Insiders knew “cooked” meant electro-shock therapy and “raw,” the result.
Robert Lowell, in his acceptance speech for a major book award in 1960, welcomed the Beats to the party. Poetry didn’t have to be written for the graduate seminar, Lowell said; it could be street-wise and accessible. It didn’t have to rhyme—it could just talk.
Lowell was doing nothing, however, but furthering his own career. He had gone to prison as a conscientious objector during WW II, and then won a Pulitzer Prize in 1946 for a book of bombastically formalized verse: a few good lines, but mostly trash. Lowell was clearly a mediocrity, but he was a Lowell and he was a Beat before the Beats: iconoclastic, capricious, and mad. Also, crazy. And mad.
The ‘raw v. cooked’ formula was simply an acknowledgement on Lowell’s part that he was swinging from ‘cooked’ to ‘raw’ in his writing and he sensed that ‘raw’ had become sexier.
Nothing concerns a man in his 40s more than loss of sex appeal. The womanizing southerner Allen Tate was very sexy to Robert Lowell—Lowell walked away from WW II and walked away from his wife in a car wreck, but when Tate said Lowell couldn’t move in with him, Lowell pitched a tent in Tate’s yard and lived there for two months. Tate was the American Pound: in the mid-20th century, Pulitzers, Bollingens, booze parties and new Writing Programs went through Tate. Tate was the transatlantic star of the Euro and American wings of Pound’s modernist clique, praising the The Waste Land, starting up Princeton’s Writing Program where Merwin and Berryman established themselves, hosting Ford Madox Ford’s visit to the U.S, the Confederate to Lowell’s Union. Lowell paid homage to Tate’s glinting poem, “Ode to the Confederate Dead,” with his For the Union Dead.
Lowell bumped into New Critics for most of his career: leaving Harvard to study with Ransom at Kenyon, befriending Penn Warren and Cleanth Brooks at Louisiana, besotted with Tate. Lowell also taught at Iowa with Paul Engle. And then he’d teach Plath and Sexton. The myth of Lowell sometimes makes us forget that he was basically a well-connected Workshop teacher created by the New Critics.
The “Confessional” label was given to Lowell by M.L. Rosenthal, which tremendously helped Lowell’s career. This was part of Lowell’s ‘new sexy,’ the ‘raw’ establishing itself against the graduate seminar ‘cooked.’ It was simply another calculated move by the Pound clique to build a New Critical, rich-boy, mediocrity into a star. In his NY Times obituary, Rosenthal is described the following way: “he had an affinity for the work of William Butler Yeats, Ezra Pound, T. S. Eliot and William Carlos Williams.” There they are: the four horsemen of Modernism. The second phase of Modernism was insinuating itself (because ignored by the public) into the Academy and the Canon: these soldiers were Rosenthal, the New Critics, and Robert Lowell.
As for Lowell’s famous “Raw and Cooked” formula itself, it is without merit. How, for instance, is Donald Hall or Louis Simpson in 1960 “cooked,” and not “raw?” Would the poem “Daddy” by Sylvia Plath be considered “cooked” or “raw?” Plath was a student of the New Critics and dreamed of being accepted by the Kenyon Review. “Daddy” makes expert use of all sorts of formal devices, and yet it’s certainly a “raw” poem. The Romantic poets were both “cooked” and “raw” in the ways Lowell was using those terms, primitive yet learned. Lowell, however, was not astute enough to really know what he was saying; Lowell had no critical powers; his statement was merely self-promoting.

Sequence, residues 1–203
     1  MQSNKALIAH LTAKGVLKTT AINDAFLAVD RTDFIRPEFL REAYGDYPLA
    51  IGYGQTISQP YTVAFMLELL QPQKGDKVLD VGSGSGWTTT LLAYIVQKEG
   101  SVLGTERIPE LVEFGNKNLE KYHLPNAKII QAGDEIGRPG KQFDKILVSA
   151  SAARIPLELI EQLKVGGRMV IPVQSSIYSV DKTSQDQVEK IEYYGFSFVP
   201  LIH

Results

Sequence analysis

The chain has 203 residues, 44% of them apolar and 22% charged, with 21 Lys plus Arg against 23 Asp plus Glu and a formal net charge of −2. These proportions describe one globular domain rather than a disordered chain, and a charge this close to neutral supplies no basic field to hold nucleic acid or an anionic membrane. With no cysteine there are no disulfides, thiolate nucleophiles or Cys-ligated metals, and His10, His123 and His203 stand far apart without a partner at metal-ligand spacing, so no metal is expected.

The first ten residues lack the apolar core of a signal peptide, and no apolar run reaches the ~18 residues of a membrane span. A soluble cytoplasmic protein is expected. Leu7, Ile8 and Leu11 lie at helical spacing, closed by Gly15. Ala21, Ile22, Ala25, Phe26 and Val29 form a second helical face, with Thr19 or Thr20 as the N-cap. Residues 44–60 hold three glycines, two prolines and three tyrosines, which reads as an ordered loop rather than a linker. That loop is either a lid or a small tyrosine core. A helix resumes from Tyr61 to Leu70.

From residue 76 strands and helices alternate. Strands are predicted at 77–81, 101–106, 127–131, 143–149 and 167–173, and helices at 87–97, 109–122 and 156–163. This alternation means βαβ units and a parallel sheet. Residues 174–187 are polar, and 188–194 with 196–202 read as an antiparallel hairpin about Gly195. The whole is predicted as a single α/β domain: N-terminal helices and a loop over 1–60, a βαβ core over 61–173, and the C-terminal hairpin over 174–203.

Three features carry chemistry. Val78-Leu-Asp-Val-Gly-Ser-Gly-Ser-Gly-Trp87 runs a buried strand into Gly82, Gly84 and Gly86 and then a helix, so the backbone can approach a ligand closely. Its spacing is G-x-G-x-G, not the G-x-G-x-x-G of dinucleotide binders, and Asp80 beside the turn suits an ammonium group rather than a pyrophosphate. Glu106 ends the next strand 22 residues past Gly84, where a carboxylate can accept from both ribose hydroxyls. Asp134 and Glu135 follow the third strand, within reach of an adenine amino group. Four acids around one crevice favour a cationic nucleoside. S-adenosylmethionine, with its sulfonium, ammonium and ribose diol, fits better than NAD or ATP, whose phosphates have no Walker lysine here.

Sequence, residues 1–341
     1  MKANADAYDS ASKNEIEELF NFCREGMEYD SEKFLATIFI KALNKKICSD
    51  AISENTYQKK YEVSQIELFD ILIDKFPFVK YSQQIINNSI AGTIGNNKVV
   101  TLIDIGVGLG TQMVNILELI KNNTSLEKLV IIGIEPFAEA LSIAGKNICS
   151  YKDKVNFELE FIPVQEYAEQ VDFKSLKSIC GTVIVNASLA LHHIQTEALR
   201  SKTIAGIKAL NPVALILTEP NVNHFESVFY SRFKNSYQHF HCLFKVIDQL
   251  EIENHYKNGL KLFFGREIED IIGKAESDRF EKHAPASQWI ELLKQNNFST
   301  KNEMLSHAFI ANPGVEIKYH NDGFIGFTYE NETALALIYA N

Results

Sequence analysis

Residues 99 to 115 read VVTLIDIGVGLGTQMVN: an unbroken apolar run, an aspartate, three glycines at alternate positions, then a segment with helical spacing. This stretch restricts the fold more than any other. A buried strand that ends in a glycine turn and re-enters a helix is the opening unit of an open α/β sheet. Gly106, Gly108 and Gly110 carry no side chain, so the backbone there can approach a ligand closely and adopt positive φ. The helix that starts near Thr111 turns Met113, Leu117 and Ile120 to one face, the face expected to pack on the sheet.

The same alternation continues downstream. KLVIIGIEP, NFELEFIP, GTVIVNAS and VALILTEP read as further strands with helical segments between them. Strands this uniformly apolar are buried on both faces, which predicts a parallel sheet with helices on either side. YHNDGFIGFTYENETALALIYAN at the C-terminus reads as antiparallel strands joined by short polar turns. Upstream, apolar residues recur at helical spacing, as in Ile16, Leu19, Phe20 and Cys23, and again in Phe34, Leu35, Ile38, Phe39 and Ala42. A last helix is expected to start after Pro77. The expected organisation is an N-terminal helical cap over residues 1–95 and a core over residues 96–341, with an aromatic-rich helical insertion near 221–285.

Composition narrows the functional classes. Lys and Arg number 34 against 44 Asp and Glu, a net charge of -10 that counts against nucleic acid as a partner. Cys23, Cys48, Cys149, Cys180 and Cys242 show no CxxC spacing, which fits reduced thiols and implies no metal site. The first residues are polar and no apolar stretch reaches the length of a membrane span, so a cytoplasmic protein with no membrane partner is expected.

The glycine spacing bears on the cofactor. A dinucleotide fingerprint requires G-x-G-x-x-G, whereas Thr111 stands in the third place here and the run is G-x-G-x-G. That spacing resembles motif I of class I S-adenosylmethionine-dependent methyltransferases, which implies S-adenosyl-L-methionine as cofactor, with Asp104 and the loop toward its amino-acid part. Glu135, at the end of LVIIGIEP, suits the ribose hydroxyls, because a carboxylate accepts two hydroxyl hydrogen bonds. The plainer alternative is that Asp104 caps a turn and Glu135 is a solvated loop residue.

As we see in the following bit of history, whatever window there was quickly closed:
Seventeen years after his “raw” and “cooked” proclamation, Lowell did a joint reading with Allen Ginsberg at New York’s St. Marks-in-the-Bowery. The poets shared a podium—a hint that, in the interim, the battlelines had blurred. Gregory Corso rambunctiously heckled Lowell as he read his poem, “Ulysses and Circe.” “Robert, you left out that great line about paranoid,” Corso called out. Lowell responded with a quick “Point taken” and continued. “You treat us like a classroom,” Corso shouted. Lowell responded that he, in fact, was a teacher and tried to let it go at that. The event was shaping up like a lopsided showdown when Ginsberg finally stepped forward and proposed that the crowd collectively invite Corso to “shut up.” They did and Corso amicably exited, boots in hand, wife and baby at his side. To Lowell, the reading had turned into a veritable “happening.” In retrospect, it signaled a reprieve. The “raw” and the “cooked” were no longer warring, and the tribes needed new names. –Tina Cane, Poets.Org
As this excerpt points out, the so-called “raw and cooked” in American poetry quickly blurred, and it is doubtful whether the actual division Lowell intended existed at all.
America had no critic of note in the 20th century. New Critic-connected Randall Jarrell, Lowell’s roommate at Kenyon, where Jarrell taught, was merely OK. Eliot took his historical depth to Britain. Poe was insulted by the New Critics and stashed away in the cellar. Brooks, Penn Warren, Tate and Ransom had their day—but who reads them now?
It is no surprise, then, that one of America’s best-known 20th century critical pronouncements is weak, ambiguous, and ahistorical.
The change from 1960, when Lowell uttered the “raw and cooked” formula, to 1977, when Ginsberg and Lowell read together, can best be summed up by looking at the difference between Lenny Bruce and George Carlin. The former went to jail on obscenity charges in 1964, despite support at his trial from Bob Dylan, Woody Allen, and Allen Ginsberg, and died a broken man in 1966. The latter became successful by using the same “dirty words” in a 1972 comedy album.
The “cooked” might refer to cooking up poetry prizes.
In the end, Lowell going for “raw” when he was “cooked” is just one more silly event in the chapter of Modernism.